Lemonade Joe (Limonádový Joe) – Oldřich Lipský, 1964

Lemonade Joe Karel Fiala

Honestly, I have nostalgia goggles the size of monster truck wheels for this one! Lemonade Joe, or the Horse Opera came out in 1964 but my entire generation can quote it to no end. It falls into the perfect timing of being a new film for our parent’s childhood and old enough to be cool for our own. So within the Czech culture, this film is a classic.

Even so, I was afraid to revisit it. Many films from my childhood didn’t age well and I was afraid the same would happen here. What didn’t help was a vague memory of blackface and some of the timeless quotes feeling kind of tired after the last fifteen years of repetition.

Lemonade Joe DVD

Buy Lemonade Joe from Amazon HERE

But I was pleasantly surprised. The film has an energy that most modern comedies long for. Lemonade Joe falls into the Crazy comedy genre, popular in the Czech Republic, which includes titles such as Adele Hasn’t Had Her Dinner Yet or The Mysterious Castle in the Carpathians. In American cinema, it would be a mixture of Mel Brooks’ Blazing Saddles and John Landis’ The Blues Brothers. It takes the nonsensical, absurdist plot and the song breaks from Blues Brothers and the setting with quick-fire jokes and slapstick from Blazing Saddles. It might be surprising to some that it’s older than both…

Where Blazing Saddles took the Western genre and made an honest parody of it, Lemonade Joe uses the Wild West as more of a setting for its general mockery of melodrama. Visually, the Western has aged well. The sets and costumes are imaginative and distinct, the soundtrack is everything from ragtime to blues to cabaret and even the writing font is the usual slick tall letters together with lush cursive. But something is definitely off.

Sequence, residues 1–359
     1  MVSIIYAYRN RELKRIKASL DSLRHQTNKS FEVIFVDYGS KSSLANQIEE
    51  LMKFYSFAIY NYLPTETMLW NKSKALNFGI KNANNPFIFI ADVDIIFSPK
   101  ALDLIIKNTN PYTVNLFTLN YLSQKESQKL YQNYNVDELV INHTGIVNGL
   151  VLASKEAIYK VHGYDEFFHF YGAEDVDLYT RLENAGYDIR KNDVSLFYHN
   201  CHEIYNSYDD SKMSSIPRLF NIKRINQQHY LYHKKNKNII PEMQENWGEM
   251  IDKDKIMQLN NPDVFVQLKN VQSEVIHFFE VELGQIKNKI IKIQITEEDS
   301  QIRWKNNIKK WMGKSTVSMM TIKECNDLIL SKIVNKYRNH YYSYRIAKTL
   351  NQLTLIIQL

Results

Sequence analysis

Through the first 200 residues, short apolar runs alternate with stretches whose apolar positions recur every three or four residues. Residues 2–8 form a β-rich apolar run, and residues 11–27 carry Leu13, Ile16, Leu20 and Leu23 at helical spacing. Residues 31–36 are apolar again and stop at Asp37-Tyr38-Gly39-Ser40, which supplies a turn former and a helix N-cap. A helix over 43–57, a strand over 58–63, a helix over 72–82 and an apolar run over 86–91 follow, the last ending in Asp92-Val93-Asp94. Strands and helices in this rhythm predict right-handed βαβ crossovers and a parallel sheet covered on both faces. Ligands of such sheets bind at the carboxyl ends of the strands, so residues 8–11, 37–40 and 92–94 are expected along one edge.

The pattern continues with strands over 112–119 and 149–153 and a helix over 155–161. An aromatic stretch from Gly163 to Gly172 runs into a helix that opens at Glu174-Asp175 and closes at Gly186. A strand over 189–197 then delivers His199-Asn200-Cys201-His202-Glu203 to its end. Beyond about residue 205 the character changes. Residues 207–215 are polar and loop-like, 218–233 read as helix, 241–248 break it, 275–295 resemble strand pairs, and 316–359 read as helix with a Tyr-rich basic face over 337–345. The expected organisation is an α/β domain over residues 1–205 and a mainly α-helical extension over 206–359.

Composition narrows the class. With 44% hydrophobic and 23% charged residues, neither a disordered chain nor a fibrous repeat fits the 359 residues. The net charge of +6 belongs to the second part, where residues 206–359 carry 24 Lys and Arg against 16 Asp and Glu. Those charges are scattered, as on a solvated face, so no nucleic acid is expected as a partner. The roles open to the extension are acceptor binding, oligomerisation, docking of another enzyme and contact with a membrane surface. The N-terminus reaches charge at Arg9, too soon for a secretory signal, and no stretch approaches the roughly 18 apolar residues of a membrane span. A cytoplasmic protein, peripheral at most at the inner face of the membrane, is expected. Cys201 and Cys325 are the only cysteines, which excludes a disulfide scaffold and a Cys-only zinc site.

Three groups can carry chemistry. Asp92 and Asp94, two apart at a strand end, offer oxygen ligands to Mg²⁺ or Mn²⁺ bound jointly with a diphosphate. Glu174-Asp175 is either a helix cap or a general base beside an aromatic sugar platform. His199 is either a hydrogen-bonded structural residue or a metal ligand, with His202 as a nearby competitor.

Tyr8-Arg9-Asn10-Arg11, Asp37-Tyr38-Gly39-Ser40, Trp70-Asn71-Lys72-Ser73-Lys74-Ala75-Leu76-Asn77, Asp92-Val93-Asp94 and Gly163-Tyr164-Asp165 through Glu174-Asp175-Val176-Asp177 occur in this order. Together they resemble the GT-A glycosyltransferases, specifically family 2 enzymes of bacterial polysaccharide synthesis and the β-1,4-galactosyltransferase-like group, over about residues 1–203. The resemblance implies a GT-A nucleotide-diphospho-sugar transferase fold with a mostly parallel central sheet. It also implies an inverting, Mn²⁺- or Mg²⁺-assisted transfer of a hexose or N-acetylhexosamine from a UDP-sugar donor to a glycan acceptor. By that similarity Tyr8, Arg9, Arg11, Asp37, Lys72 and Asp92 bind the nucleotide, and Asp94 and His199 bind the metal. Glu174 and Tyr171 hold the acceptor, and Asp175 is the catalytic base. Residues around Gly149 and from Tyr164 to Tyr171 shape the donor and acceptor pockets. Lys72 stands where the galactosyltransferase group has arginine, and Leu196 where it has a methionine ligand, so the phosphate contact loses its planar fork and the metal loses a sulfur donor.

Lemonade Joe Badmen

The Western of Lemonade Joe gets more and more absurd the more you squint. Good characters have the surname “Goodman” and bad characters “Badman”, Trigger Whiskey sounds vaguely like an internet troll beverage, and Kolaloka is so close to the trademark infringement edge that Coca-Cola is phoning its lawyers as I type this.

Even the plot goes from a fairly standard set-up to an absurdist melodrama heaven. A lone hero, Lemonade Joe (Karel Fiala), rides into town to promote sobriety and the Kolaloka soda. When he arrives in a whiskey saloon, he meets a kindred spirit and a future love, Winnifred Goodman (Olga Schoberová) with whom he persuades all the drunks to move to a new non-alcoholic saloon. Already, you can see what I mean. The whiskey saloon owner, Doug Badman (Rudolf Deyl), meets his brother Horace Badman (Miloš Kopecký), also known as “Hogofogo”, who helps him get his business back by shooting the sheriff and persuading all the Kolaloka drinkers to fall off the wagon and back into the Whiskey saloon…

Lemonade Joe Oldrich Lipsky

The only problem I have with Lemonade Joe is its use of blackface. The main villain, Horace, has various disguises and one of them is a black trumpet player (a nod to Louis Armstrong). Horace’s face is fully covered, with thick white lips as the only lined feature of his face. It’s bad. But it brings me to the reason why so much of Lemonade Joe is the way it is.

The 60s in the Czech Republic were very much the time of the iron curtain. Though some of the restrictions would lift in 1968 during the Prague Spring, that was all yet to come. What this film is, really, is an idea of what Westerns are like by someone who has only very limited resources. The blackface was probably lifted from some book or film that wasn’t banned by the government and the filmmakers of Lemonade Joe took it as a feature worthy of spoofing along with Stetson hats and Colts. So it’s not ideal, but I don’t think there’s any real malice behind the use of blackface in this film. It still sucks, though.

Overall, Lemonade Joe is highly enjoyable. There are so many jokes piled on top of one another that if you don’t get one, the next is already on the way. It’s really a kid-friendly film as well (as exemplified by my entire generation) and so it’s great for a pleasant, worry-free evening with some popcorn. And I didn’t even mention the catchy songs throughout the whole review, damn it! Just remember: kolaloka is the law…


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